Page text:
The oldest statuettes adapted by man


The Venus of Berekhat Ram and the Venus of Tan-Tan

The Venus of Berekhat Ram and the Venus of Tan-Tan

Left: the find of Berekhat Ram (Syria) is between 800,000 and 233,000 years old, 3,5 cm high.
Right: the Venus of Tan-Tan (Morocco) is about 400,000 years old, 6 cm high.

These statuettes were probably stones that had a strong resemblance with human females. They were slightly changed, e.g. around the neck. They are the work of the late Homo erectus or Homo heidelbergensis.  They prove, if necessary, that aesthetic feeling and thinking in symbols are very old. The mental distance between us and people they lived hundreds of thousands of years ago might be smaller than was thought before.

As time progressed more objects were altered by man. Stones found in nature were more and more retouched.
This is not surprising, the spread of acheulean techniques, where man was able to make hand axes (stone tools) with a two-sided altered form was proof that there was a more than a sufficient mental and technical basis for art production. It is probable that artifacts made from wood and bone were the bulk of art production.

The Venus of Berekhat Ram:

“The base object is an anthropomorphic red tufic pebble, 35 mm (1.4 in) long, which has had at least three grooves, possibly incised on it by a sharp-edged stone. One is a deep groove that encircles the narrower, more rounded end of the pebble, two shallower, curved grooves run down the sides. These grooves can be interpreted as marking the neck and arms of a figure. They closely resemble marks made in similar material by sharp-edged tools during exercises in experimental technology.” (Wikipedia)

The Venus of Tan-Tan:

“The Venus of Tan-Tan is an alleged artifact found in Morocco. It is 6 centimeters long quartzite rock, and has been interpreted as a depiction of the human form, gender indeterminate and faceless, dated between 300,000 and 500,000 years ago. It was discovered in 1999, during an archaeological survey by Lutz Fiedler, in a river terrace deposit on the north bank of the Draa River a few kilometers south of the Moroccan town of Tan-Tan.” (Wikipedia) Red ochre was found on this statuette. Red ochre was a symbol for blood/life across the world and across different types of man. Applied on a statuette it may have meant that it represented a female ancestor. The pronounced forms of the statuette might imply that it was (also) a sexual token.  

Not all researchers agree that man changed some small aspects of these statuettes. They think that these statuettes are geofacts, that had a strong natural resemblance with a woman. They miss the essential point: acheulean  technique was since at least 1,7 M BP on a level that making slight changes on a geofact was not a problem at all for man. The main point however is not the use of technique but the proof of thinking in symbols. That red ochre was found on the Venus of Tan-Tan is a proof beyond doubt of symbolic thinking.

It is important to note this is portable art. These are small objects suited to be transported by people who were hunters and gatherers and lived as nomads. Heavy objects were not suited to be taken on trips.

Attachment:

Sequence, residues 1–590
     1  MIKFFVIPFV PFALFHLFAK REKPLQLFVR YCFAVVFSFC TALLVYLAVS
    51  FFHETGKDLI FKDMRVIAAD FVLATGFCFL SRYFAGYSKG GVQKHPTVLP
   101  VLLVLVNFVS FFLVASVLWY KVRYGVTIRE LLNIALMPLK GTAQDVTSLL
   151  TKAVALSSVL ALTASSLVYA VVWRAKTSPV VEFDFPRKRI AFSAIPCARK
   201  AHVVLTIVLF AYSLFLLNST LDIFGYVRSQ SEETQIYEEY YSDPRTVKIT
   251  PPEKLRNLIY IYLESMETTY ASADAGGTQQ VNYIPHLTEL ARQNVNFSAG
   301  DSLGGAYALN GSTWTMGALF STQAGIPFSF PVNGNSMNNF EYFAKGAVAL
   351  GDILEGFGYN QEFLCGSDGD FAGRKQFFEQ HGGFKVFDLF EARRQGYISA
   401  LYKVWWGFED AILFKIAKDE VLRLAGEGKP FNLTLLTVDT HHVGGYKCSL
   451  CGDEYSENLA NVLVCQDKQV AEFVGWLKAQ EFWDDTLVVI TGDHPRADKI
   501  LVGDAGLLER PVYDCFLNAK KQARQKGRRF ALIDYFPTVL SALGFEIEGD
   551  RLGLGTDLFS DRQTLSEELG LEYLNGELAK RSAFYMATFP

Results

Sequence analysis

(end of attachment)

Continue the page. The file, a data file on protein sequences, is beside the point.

The Venuses of Tan-Tan and Berehat Ram link to the pebble of Makapansgat that proofs that a predecessor of man, probably australopithecus, had aesthetic feeling and the much younger Venuses of Europe and northern Asia that could have had the same function(s).


marc.i.vermeersch@gmail.com

If you are interested in art you might like these blogs:
Art in Olduvai 1,74 Million Years BP, Baboonhead Rather unknown, undeserved, the oldest known art in the world
7000 BP: The Thinker and the Sitting Woman
 Two statuettes, one amazinly modern though it maybe 7000 years old
The Origin of Aesthetic Feeling and Art Fundamental: How our aesthetic feeling originated in reproduction of man, a darwinian explanation.
Chauvet Cave, the oldest known cave art in Europe The recently discovered cave shows that the European late palaeolithic culture lasted at least 20,000 years.
The oldest statuettes adapted by man are between 233,000 and 800,000 years old
“Lion Man”, the oldest statuette with a combination man-animal ‘Der Löwenmensch” was found in Germany.
The oldest Love Statuette in the World They keep on loving for ever in the British Museum.
A virtual visit to the Lascaux Cave is mind blowing!
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One response to “The oldest statuettes adapted by man

  1. This is extraodinary, homo erectus carving, or chipping to complete a venus, probably at approx. 400,000 years ago! Also the Morrocan Venus, which pushed the Berekhat Ram Venus out of the questionable category into “accepted”, not to mention the Russian finds. And with the thorium dating of stalgtites, post cave paintings, putting El Costello in Cantabria on the map, almost certainly 40,000 BC, so its Neandertal work. The whole field of thinking on “primitive” “early” art, speech, self expression, etc all needs taking apart and reassembling. These early hominoids, non-Cromagnon, must have been far more formidable and talented in many skills than previously thought.

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